The way homeowners manage winter gardening depends heavily on the plant hardiness zone that they live in. The country is divided into zones ranging from 0 to 8 based on the coldest expected temperatures and the average first frost date. Prospective gardeners can search for a map to determine which zone relates to their region. Zone 0 is the coldest, while zone 8 is the warmest. Homeowners in colder regions may have limited options for maintaining winter vegetables and flowers.
The other zones offer more flexibility. Zones 0 to 3 have the coldest temperatures and the most snowfall. People can typically manage their gardens in these regions with protective measures. Zones 7 and 8 are the warmest and provide the easiest winter environment for growing. In all regions, the zones dictate the best time to plant certain varieties and point gardeners toward recommendations to protect their chosen plants.
Gardeners also aren't limited to buying plants exclusively from their zone. Plants with low zone numbers can live in any zone equal to or lower than their designated zone. For example, a homeowner living in zone 3 can purchase and grow plants from zones 0, 1, 2, and 3. On the other hand, someone living in zone 0 should try to exclusively buy plants meant for their zone, as it will be very easy to kill plants meant for other zones.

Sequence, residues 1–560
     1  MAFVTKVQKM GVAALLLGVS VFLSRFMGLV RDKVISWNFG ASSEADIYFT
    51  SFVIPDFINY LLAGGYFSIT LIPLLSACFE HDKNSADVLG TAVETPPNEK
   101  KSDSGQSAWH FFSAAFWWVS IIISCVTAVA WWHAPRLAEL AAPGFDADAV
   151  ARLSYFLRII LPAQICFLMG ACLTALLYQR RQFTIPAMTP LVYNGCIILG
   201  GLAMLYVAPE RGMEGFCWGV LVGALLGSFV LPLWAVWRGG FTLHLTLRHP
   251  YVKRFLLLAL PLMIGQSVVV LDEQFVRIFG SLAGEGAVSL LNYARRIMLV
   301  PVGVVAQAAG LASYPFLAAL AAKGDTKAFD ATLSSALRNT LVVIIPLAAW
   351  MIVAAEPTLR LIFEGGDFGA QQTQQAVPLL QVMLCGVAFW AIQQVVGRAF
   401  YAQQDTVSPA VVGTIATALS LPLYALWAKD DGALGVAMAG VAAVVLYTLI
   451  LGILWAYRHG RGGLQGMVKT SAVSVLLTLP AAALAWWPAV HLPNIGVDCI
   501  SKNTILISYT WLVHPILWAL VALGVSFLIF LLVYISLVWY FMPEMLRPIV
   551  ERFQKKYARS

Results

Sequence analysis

Planning Your Garden
Planning a winter garden calls for many of the same skills gardeners use throughout the year. Gardeners must manage weather considerations, sunlight exposure, and choosing appropriate species. By considering plants that are most likely to thrive, homeowners can simplify the process and increase their chances of success.
Preparing to dig a garden in winter is not unlike doing the same in summer, except the ground may be more challenging to work. Homeowners should plan to do the same research in advance to determine the best layout. For example, they may want to evaluate the sun's path to determine which parts of the yard provide the most sun in winter. Ensuring adequate sun is vital for the successful growth of the plants. In addition, those digging into the ground will want to make sure that they will not accidentally cut a buried utility line or other cables.
Depending on the zone, homeowners have a variety of options for growing cold-hardy vegetables. People should keep in mind that vegetables do not grow as quickly during the winter, given the colder temperatures and fewer hours of sunlight. As such, they may want to consider how long of a growing season they are willing to maintain. Winter vegetables are broadly categorized into three types: